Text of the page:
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Volatility Linkages among Interest Rates: Implications for Global Monetary Policy

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  • Laopodis, Nikiforos T

Abstract

This paper explores the effects of a greater integration among major capital markets from 1984 to 2001 on the conduct of global monetary policy. The methodological design is a multivariate vector moving average GARCH model which is suitable for examining the nature of the volatility spillover mechanism of long-term interest rates across markets. The empirical findings indicate that there have been stronger linkages among major bond markets since 1990 at the volatility level. The more synchronized behaviour of long-term interest rates across countries is evidenced by the speed and persistence with which disturbances in a particular market transmit to other markets. Such volatile behaviour affects the conduct of global monetary policy which now has to be done interactively among the world's major players. Copyright @ 2002 by John Wiley & Sons, Ltd. All rights reserved.

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  • Laopodis, Nikiforos T, 2002. "Volatility Linkages among Interest Rates: Implications for Global Monetary Policy," International Journal of Finance & Economics, John Wiley & Sons, Ltd., vol. 7(3), pages 215-233, July.
  • Handle: RePEc:ijf:ijfiec:v:7:y:2002:i:3:p:215-33
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    Cited by:

    1. Steeley, James M., 2006. "Volatility transmission between stock and bond markets," Journal of International Financial Markets, Institutions and Money, Elsevier, vol. 16(1), pages 71-86, February.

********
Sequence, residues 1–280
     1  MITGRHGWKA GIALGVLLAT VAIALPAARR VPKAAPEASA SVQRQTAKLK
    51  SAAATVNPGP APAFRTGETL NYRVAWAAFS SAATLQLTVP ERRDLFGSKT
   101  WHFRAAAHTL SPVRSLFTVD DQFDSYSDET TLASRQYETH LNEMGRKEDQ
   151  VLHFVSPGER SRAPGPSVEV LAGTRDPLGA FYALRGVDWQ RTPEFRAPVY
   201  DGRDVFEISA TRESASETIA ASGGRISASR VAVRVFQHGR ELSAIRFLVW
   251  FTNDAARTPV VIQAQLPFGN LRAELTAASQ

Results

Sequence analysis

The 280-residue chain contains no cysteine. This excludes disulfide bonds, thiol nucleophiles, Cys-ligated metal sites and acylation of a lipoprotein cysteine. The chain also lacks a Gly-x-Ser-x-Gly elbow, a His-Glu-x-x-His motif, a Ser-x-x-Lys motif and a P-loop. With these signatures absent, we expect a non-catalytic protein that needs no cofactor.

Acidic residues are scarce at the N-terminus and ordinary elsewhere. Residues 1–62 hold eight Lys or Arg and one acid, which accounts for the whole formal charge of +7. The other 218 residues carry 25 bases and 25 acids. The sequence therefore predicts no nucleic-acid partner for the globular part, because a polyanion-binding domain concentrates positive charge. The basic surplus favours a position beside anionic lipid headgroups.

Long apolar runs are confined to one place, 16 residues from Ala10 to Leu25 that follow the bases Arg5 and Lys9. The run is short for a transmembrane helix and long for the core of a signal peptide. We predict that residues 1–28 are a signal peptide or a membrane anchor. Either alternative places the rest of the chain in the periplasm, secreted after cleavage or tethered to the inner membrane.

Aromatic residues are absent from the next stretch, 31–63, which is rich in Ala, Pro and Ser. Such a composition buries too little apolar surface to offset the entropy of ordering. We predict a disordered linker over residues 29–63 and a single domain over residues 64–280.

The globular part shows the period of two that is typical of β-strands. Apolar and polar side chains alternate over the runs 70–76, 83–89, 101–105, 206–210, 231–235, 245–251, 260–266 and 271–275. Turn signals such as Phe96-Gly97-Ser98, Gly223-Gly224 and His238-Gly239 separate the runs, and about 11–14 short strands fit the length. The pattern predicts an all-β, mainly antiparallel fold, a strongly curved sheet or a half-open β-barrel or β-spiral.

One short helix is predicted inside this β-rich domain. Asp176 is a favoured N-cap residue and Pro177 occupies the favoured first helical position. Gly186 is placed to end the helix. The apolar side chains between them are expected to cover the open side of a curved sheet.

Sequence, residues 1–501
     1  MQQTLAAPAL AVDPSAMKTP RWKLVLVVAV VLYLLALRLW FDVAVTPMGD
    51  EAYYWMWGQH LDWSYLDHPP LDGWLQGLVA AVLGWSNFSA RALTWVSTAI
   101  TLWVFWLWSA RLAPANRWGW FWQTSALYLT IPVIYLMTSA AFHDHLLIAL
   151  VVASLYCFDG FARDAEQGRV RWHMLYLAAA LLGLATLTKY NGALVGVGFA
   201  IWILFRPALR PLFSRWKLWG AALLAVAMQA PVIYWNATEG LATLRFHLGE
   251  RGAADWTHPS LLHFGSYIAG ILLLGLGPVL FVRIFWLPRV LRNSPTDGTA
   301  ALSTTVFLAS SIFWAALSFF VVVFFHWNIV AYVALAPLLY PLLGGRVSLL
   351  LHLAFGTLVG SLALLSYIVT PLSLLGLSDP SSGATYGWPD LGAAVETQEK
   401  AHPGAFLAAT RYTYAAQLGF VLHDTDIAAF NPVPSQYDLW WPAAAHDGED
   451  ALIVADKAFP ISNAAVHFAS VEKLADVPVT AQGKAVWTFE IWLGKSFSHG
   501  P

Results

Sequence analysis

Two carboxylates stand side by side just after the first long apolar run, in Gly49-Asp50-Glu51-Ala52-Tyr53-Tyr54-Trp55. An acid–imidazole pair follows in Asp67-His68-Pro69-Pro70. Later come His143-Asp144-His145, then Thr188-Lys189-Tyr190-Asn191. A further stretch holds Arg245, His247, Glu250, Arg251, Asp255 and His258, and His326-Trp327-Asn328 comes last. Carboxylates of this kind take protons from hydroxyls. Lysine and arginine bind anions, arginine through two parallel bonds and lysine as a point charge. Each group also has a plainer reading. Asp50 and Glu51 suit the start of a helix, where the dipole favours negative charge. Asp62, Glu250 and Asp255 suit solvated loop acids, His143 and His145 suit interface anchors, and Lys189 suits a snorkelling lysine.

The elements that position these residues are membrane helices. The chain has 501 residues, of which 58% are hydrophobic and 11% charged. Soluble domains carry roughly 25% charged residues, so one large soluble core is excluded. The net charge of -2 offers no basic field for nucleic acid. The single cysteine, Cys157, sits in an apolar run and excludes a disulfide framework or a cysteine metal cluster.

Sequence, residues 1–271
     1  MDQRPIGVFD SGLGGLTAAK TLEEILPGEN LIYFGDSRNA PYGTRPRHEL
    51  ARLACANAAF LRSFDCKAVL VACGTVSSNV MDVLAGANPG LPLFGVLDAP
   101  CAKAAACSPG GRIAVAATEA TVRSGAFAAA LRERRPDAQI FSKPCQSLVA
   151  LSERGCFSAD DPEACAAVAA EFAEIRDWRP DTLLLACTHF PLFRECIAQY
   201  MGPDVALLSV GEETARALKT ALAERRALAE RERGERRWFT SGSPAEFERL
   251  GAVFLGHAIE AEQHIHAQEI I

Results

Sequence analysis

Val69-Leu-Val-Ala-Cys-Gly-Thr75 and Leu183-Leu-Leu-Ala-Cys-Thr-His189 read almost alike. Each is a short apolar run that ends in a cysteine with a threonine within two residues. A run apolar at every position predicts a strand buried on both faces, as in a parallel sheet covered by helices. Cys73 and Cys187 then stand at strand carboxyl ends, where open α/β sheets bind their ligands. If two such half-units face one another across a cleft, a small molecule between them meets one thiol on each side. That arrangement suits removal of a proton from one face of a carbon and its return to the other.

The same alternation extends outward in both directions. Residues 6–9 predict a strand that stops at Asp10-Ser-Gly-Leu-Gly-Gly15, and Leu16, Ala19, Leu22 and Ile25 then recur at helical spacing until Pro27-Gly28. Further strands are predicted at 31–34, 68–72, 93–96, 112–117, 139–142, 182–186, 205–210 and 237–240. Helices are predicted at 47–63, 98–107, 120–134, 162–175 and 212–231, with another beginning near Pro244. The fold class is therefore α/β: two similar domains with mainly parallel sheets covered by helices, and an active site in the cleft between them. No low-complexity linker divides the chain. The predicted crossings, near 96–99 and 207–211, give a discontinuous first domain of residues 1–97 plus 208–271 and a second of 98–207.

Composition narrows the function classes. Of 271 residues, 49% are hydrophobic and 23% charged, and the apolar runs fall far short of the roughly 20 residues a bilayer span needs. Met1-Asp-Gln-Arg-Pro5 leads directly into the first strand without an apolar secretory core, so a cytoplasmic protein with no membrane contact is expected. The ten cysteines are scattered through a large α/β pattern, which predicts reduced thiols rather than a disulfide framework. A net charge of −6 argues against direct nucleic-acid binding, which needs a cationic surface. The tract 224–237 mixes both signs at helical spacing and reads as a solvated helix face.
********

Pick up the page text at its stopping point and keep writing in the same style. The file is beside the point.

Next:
2. Rothonis, Stephanie & Tran, Duy & Wu, Eliza, 2016. "Does national culture affect the intensity of volatility linkages in international equity markets?," Research in International Business and Finance, Elsevier, vol. 36(C), pages 85-95.
    3. Pedro Perez & Denise Osborn & Marianne Sensier, 2007. "Business cycle affiliations in the context of European integration," Applied Economics, Taylor & Francis Journals, vol. 39(2), pages 199-214.
    4. Johansson, Anders C., 2008. "Interdependencies among Asian bond markets," Journal of Asian Economics, Elsevier, vol. 19(2), pages 101-116, April.
    5. Aslanidis, Nektarios & Osborn, Denise R. & Sensier, Marianne, 2008. "Co-movements between US and UK stock prices: the roles of macroeconomic information and time-series varying conditional correlations," Working Papers 2072/8950, Universitat Rovira i Virgili, Department of Economics.
    6. Johansson, Anders C. & Ljungwall, Christer, 2009. "Spillover Effects Among the Greater China Stock Markets," World Development, Elsevier, vol. 37(4), pages 839-851, April.
    7. Celine Gauthier & Virginie Traclet, 2004. "Do Domestic Macroeconomic Factors Play a Role in Determining Long-Term Nominal Interest Rates? Application in the Case of a Small Open-Economy," Money Macro and Finance (MMF) Research Group Conference 2004 90, Money Macro and Finance Research Group.
    8. Nektarios Aslanidis & Denise R. Osborn & Marianne Sensier, 2008. "Co-movements between US and UK stock prices: the roles of macroeconomic information and time-varying conditional correlations," Centre for Growth and Business Cycle Research Discussion Paper Series 96, Economics, The Univeristy of Manchester.
    9. Scott W. Hegerty, 2015. "Interest-Rate Volatility in the Baltics: Issues of Measurement and International Contagion," Eastern European Business and Economics Journal, Eastern European Business and Economics Studies Centre, vol. 1(1), pages 12-27.
    10. Lennart Erixon, 2015. "Can fiscal austerity be expansionary in present-day Europe? The lessons from Sweden," Review of Keynesian Economics, Edward Elgar Publishing, vol. 3(4), pages 567—601-5, October.
    11. Skintzi, Vasiliki D. & Refenes, Apostolos N., 2006. "Volatility spillovers and dynamic correlation in European bond markets," Journal of International Financial Markets, Institutions and Money, Elsevier, vol. 16(1), pages 23-40, February.

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